Now, there are some people who are called discouraged workers. They have looked for a job. They have decided, “Nobody wants me. I’m too…” Fill in the blank. “I’m too old.” “I’m too experienced.” “I’m too young.” “I’m too inexperienced.” “I’m too…” Fill in the blank. It doesn’t matter. They become discouraged workers and they stop looking for a job.

I have had relatives fall into that category. They’re like, “Oh, they’re unemployed.” I’m like, “No, they’re not.” “They’re bums,” they’ll harshly say. I’m like, “The technical term is a discouraged worker.” But they are not unemployed because they have stopped looking for work. Now they’re just lying on the couch watching cartoons. That does not an unemployed person make. It sounds a little harsh, but that’s what the term is.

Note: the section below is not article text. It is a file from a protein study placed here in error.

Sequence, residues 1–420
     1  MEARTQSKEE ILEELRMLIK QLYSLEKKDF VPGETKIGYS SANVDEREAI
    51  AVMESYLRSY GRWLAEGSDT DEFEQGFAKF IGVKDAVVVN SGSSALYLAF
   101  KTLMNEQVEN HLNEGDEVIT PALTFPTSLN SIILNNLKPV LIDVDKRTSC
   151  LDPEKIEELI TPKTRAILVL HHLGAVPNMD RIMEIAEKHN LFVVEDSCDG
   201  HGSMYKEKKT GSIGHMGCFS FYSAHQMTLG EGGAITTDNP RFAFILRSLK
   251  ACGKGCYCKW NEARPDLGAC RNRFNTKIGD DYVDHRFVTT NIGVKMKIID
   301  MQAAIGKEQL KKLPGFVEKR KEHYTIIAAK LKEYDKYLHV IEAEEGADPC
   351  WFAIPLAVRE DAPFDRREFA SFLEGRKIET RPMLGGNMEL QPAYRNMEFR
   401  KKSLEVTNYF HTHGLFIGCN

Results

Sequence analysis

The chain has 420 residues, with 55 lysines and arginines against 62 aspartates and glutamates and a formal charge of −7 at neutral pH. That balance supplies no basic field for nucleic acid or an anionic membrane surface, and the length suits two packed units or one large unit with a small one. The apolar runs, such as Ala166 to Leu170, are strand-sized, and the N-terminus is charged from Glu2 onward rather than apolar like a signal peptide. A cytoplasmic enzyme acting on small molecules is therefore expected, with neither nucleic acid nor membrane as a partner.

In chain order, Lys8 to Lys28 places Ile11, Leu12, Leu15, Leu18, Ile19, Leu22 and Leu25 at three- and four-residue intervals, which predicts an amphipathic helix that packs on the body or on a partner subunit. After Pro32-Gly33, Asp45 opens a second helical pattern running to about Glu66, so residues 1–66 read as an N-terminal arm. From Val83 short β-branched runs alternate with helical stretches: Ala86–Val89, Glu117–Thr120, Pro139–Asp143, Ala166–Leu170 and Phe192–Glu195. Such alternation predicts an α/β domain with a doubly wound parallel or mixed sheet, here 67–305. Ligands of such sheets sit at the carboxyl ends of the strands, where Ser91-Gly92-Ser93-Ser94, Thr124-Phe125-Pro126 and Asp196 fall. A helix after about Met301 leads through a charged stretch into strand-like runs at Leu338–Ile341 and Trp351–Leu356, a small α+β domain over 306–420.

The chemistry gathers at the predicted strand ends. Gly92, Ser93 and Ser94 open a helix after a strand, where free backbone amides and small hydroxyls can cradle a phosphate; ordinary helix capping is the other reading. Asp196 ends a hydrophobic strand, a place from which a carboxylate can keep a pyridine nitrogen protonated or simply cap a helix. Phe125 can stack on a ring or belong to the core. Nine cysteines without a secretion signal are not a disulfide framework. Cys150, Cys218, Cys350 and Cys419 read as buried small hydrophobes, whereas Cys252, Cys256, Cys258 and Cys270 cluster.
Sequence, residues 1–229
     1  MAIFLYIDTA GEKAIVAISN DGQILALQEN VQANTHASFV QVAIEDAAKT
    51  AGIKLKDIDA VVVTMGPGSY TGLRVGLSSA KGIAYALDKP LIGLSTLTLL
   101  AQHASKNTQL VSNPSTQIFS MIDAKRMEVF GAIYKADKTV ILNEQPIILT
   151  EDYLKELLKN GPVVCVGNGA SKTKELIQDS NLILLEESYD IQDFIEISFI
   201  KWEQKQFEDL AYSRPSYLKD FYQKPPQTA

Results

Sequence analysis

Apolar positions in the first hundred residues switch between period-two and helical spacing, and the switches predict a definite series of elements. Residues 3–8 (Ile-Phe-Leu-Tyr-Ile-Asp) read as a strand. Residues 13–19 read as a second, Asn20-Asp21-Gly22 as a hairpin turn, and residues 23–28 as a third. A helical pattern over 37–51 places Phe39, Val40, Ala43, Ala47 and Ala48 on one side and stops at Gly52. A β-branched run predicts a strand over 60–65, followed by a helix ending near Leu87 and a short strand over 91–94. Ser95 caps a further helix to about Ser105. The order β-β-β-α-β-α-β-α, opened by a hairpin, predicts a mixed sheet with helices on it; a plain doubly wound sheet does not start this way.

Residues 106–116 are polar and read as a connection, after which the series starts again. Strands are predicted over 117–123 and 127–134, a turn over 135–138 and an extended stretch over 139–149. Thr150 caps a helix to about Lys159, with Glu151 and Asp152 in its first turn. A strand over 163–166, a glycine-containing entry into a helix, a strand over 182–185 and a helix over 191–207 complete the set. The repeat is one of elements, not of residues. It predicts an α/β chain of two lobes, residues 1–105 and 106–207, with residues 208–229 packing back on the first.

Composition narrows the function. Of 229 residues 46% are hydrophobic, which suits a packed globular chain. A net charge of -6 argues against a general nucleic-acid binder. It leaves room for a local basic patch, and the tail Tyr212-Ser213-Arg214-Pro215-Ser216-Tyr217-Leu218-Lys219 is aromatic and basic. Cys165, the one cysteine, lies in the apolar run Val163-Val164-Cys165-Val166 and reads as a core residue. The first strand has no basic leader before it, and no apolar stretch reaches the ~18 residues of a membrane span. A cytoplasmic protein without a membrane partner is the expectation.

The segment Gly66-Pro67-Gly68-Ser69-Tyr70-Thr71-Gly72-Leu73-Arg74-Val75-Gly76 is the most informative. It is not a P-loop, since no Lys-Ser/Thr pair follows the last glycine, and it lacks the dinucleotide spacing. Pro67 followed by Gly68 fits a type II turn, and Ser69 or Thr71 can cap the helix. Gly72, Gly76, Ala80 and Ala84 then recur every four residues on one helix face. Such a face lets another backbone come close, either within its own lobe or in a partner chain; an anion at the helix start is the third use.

My concern there is in the participation rate of the labor force that the baby boomers are still overrepresented in the labor force for their numbers. The Gen Xers are in the labor force as a participation rate where they should be. The millennials are lagging behind in the numbers and the millennials need to be in the labor force in greater numbers.

Linda Keith:

A bunch of those millennials, the women who now have children in their home who aren’t going to school and have sort-of given up on the idea that, for the short-term, they actually could work out of the home.

Mary C. Kelly:

Well, if you watch the news, you would conclude that. Except the numbers would be wrong.

Linda Keith:

Oh!

Mary C. Kelly: